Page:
THE HIDDEN DANGERS OF THE NEW BRITISH STANDARD 9999

The new incoming British Standard 9999 is a leap forward in fire safety – but it still contains hidden dangers for both firefighters and the public – according to Manchester-based smoke control specialists Fire Engineering Associates.

For, although Section 28 recommends properly designed and installed pressure differential systems for firefighting shafts in buildings more than 30 metres high, and basements more than 10 metres deep, it allows natural ventilation as an alternative method in smaller commercial and residential buildings.

“And that’s where the danger comes in,” says chartered engineer and FEA associate Jim Wild – a fan engineering consultant who specialises in fire smoke control systems.

“Natural ventilation systems have been around since 1971 and they have been criticised from the beginning. The idea is to allow smoke to get into the escape or entry route and then be ventilated … which is not a good start.

“This method is also very susceptible to external wind conditions and early research showed that, even with the very best alignment of vent outlet with prevailing wind, smoke remained in the escape routes on almost 50% of occasions.

“The recommendation that natural vent outlets only be located where they are always subject to negative wind pressures is very difficult, if not impossible, to achieve in built up areas – and historically such recommendations have often been ignored.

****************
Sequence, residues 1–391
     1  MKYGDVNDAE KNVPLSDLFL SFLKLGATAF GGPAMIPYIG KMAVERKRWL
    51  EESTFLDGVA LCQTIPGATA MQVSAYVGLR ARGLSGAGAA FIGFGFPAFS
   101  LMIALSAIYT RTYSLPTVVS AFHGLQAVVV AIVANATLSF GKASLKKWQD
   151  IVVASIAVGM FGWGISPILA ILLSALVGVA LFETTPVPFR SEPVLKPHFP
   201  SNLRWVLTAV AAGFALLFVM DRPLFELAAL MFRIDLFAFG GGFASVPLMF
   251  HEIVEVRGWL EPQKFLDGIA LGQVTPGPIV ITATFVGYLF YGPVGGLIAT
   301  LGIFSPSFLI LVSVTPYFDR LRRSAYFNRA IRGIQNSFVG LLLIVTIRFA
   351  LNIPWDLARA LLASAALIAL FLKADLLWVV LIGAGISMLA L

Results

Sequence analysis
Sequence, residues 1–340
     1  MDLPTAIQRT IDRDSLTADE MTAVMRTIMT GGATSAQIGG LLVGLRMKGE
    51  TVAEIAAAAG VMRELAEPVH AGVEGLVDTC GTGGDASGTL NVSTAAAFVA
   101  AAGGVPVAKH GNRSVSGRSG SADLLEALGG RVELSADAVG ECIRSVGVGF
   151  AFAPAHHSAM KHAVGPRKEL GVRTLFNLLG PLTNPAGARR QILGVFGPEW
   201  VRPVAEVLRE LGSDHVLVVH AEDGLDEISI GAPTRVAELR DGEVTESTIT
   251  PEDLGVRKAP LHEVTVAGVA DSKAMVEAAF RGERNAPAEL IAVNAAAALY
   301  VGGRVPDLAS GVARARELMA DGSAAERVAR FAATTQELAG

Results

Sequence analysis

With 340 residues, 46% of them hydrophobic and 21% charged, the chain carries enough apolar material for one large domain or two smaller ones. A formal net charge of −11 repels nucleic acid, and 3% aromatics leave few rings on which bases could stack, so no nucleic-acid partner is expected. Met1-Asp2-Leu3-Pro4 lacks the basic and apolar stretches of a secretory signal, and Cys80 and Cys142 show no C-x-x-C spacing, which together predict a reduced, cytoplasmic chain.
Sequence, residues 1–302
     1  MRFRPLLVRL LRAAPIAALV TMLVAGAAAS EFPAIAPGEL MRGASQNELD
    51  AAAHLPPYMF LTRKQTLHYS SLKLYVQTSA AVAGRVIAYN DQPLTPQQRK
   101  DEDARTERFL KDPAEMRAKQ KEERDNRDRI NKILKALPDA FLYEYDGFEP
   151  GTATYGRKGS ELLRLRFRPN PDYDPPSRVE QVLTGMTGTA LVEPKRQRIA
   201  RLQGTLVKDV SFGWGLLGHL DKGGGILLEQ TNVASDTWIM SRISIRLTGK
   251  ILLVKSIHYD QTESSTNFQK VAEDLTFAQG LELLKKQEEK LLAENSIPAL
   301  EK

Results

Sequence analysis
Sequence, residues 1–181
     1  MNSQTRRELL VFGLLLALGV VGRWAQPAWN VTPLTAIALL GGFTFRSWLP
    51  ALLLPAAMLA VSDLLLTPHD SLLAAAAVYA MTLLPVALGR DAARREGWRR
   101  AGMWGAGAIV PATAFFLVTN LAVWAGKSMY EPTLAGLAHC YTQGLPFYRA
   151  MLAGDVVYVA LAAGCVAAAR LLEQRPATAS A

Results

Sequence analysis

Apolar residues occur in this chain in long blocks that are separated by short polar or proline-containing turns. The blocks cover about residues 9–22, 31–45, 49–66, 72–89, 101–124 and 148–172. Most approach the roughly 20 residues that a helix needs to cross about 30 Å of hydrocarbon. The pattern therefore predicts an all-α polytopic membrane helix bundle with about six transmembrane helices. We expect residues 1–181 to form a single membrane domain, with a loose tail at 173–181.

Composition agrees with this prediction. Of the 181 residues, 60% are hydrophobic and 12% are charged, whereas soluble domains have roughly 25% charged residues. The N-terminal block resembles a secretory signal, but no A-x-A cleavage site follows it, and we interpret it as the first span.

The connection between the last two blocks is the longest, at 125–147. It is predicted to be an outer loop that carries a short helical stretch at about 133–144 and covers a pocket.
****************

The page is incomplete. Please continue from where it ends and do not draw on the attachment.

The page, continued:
“For all these reasons firefighters could, even now, still find themselves having to enter smoke-filled buildings – which is very dangerous. It would have been safer if the new standard had excluded this natural ventilation option altogether.”

Occupants of a building could be endangered, too – because BS 9999 does not clearly recognise that EN12101 Part 6 also applies to escape shafts. So it does little, as yet, for escaping occupants. Hopefully, this will be dealt with in future revisions.”

Overall, BS 9999 – which comes into force in April – is “wonderful news for the industry and we welcome it almost unreservedly,” says Fire Engineering Associates Technical Director, Dave Ogden whose experience in pressurisation systems puts him in a narrow band of smoke control engineers whose contemporaries, more typically, have natural ventilation backgrounds.

“A pressure differential system is the only method where the object of the design is to keep smoke out of the escape routes,” he says. “Unfortunately, design failure in early systems gave pressurisation a bad name but Fire Engineering Associates has always supported it because, correctly designed and installed, it is easily the best form of protection.”

Dave has been behind more than 100 pressurisation systems from Fire Engineering Associates over the last decade – often involving several integrated stairwells. These have included Ontario Tower, in London’s Dockland, which has two pressurised systems – a fire fighting shaft covering 30 floors and a escape stair of 21 stories.

ENDS

Issued on behalf of Fire Engineering Associates Limited, Unit Nine, The School House, Second Avenue, Trafford Park, Manchester M17 1DZ; Tel: 0161 8727760
Press enquiries: Graham King – tel: 0161 976 2729, 07850 280213, e-mail: graham@pr-people.uk.com

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